Venom is a bad movie and I can’t in good conscience recommend it to anyone. It’s not good, y’all. Unless you’re a stoned 15-year-old boy. In that case, have at it, you’re going to love this shit. Honestly, that goes for pretty much everything Todd McFarlane has ever done. (I know, I know, there’s the debate about who actually created Venom, but McFarlane influenced what the character ultimately became more than anyone else, and this the film largely draws from his work, so…)
I do have to admit that, as terrible as this movie is on damn near every level—and it’s an absolute nonsensical $100 million train wreck from end to end—I had a fine time laughing at it. Venom is the kind of movie where the star, Tom Hardy in this case, acts like he’s in a completely different film from everyone else—it’s also a waste of an incredibly talented supporting cast. And I think he’s the only one in on the joke. Maybe. I can’t tell. But whatever his stance, he just goes for it with reckless, admirable gusto.
Hardy plays Eddie Brock, a crusading journalist with a long history of standing up for the little guy, taking down corruption, and burning bridges. When he takes on the corrupt, Elon Musk-y tech icon, Carlton Drake (Riz Ahmed), it costs him everything—his job, his apartment, and his fiancé, Anne Weying (Michelle Williams). Trying to redeem himself, Eddie eventually becomes host to a smart-alek, head-biting, nigh-invulnerable alien parasite named, you guessed it, Venom. Venom exists primarily as a voice in Eddie’s head, except when he needs to pop out in janky CGI form to block bullets, kill baddies, or otherwise take control over Eddie’s body.
The setup is bland and tedious and reeks of a forgettable issue of a comic book. Eddie’s supposed to be a brave, noble journalist fighting for justice, but mostly he’s an entitled, self-centered man who does whatever he wants, regardless of the consequences for anyone else, including his fiancé. Williams has little to do as an empty, lifeless stock love interest in a series of bad wigs. Drake is a one-note, finger-tenting villain with no personality besides “evil.” (Venom also squanders the presence of the wonderful Jenny Slate as a mousy doctor to the point she’s barely even worth mentioning.)
Vapid and hollow, once Eddie and Venom finally hook up, it’s at the very least, never boring. Far from good, it’s not dull. I don’t know that I can say Hardy saves Venom—it’s too far gone, too idiotic, too jumbled thanks to a script-by-committee approach that delivers wince-inducing lines, and director Ruben Fleischer continues his streak of not making a good movie since Zombieland. But I have to hand it to Hardy, he gives this crappy movie his all.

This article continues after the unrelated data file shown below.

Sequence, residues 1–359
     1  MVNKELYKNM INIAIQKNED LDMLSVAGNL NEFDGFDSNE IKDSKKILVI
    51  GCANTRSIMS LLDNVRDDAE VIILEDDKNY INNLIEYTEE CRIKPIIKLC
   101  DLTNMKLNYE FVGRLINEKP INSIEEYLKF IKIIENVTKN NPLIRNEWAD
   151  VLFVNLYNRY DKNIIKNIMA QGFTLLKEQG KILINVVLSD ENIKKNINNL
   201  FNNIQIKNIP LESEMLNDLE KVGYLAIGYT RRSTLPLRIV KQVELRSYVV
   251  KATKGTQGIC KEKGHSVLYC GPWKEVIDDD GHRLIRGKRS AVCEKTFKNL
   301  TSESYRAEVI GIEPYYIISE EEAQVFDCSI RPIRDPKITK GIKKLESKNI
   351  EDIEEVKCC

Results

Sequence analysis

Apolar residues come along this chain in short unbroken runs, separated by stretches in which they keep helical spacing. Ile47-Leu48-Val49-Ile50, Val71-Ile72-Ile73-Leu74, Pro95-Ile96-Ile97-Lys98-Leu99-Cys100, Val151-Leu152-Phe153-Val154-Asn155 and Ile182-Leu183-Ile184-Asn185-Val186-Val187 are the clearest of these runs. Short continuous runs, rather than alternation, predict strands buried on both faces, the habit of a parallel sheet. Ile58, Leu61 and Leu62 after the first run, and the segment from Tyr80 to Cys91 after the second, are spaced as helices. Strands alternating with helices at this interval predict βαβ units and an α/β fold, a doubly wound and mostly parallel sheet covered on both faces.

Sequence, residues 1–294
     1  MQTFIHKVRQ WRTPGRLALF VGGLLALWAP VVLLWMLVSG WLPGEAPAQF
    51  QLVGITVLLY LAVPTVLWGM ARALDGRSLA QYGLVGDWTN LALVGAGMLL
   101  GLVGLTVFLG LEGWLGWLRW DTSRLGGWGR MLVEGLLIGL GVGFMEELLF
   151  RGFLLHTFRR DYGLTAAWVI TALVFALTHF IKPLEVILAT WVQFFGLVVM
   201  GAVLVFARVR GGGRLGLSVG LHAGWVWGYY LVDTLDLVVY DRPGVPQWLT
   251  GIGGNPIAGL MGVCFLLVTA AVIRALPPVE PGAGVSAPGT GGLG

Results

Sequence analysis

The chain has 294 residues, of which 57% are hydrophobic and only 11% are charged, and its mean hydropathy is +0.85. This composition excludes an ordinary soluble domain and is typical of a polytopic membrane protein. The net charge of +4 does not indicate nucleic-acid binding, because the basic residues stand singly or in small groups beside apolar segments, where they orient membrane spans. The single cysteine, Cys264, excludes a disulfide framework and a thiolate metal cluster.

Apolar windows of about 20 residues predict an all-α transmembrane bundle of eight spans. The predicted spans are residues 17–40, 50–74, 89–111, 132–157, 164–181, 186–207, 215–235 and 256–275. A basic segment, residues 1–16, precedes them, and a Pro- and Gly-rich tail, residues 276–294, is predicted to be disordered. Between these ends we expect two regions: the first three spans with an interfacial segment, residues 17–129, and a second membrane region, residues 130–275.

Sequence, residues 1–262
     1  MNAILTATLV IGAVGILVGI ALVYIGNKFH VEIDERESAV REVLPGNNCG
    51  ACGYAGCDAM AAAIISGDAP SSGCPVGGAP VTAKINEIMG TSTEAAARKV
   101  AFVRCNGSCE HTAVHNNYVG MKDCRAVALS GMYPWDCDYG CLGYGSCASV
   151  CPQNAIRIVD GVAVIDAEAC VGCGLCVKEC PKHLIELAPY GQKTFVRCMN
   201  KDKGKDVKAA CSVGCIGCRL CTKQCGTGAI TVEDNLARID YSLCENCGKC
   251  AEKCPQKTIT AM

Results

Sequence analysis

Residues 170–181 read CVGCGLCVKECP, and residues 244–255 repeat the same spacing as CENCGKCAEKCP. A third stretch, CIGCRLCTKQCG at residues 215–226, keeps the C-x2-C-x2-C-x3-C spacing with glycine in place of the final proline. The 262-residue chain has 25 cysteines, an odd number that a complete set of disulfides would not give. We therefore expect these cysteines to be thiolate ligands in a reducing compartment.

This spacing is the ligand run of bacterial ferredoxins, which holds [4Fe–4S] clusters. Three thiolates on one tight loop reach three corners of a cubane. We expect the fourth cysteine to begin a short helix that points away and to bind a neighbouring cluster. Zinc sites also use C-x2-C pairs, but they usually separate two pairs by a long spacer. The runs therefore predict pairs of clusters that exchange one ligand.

In all honesty, if Venom was just Tom Hardy walking around bickering with deranged voice in his head, I could roll with that. It’s silly and absurd, but Hardy commits to the bit with gleeful zeal and the result is a manic and unhinged, flailing and twitching like a man possessed. At one point he pounds a bag of frozen tater tots and devours rancid trash only to vomit and gently bemoan, “What’s wrong with me?” in the most pitiful voice. He delivers a gonzo performance that’s completely detached from the surrounding movie. The rest of the film has zero idea what to do with him, so, like so much else in Venom, it’s a total waste, but he’s compulsively watchable arguing with himself in his goofy faux New York accent. It’s like Hardy is in a slapstick action buddy comedy while everyone else thinks they’re in a dark superhero drama—he somehow appears both entirely checked out and giving it everything he has. It’s truly strange and also the sole redeeming element of an almost indefensible film.
Venom feels like a bizarre leftover from the 1990s in style, tone, quality, and ambition—and not a throwback, like something found covered in dust in the back corner of a long-forgotten warehouse. (A Venom movie has been in the works in one form or another since 1997.) Eddie has no arc and learns nothing except how to live with a symbiote. Everything happens too easily—oh, I’m infected by an alien parasite? Cool, on to the next bit. Venom himself becomes convinced humanity has value halfway through…for some reason I can’t discern—also, he says things like, “On my planet, I’m kind of a loser.” It’s a slapped-together mess of a film that plays like a comic book come to life, just not a particularly good issue.
I can’t say I like Venom and I can’t say I hate Venom, but I am weirdly glad I watched it. It’s a bizarre slice of schlock insanity that’s simultaneously the product of out-of-control interference by everyone at the studio and the singular dedication of Tom Hardy. It’s awful and fun and strange and certainly a spectacle. [Grade: I'm not even going to try to give this a grade.]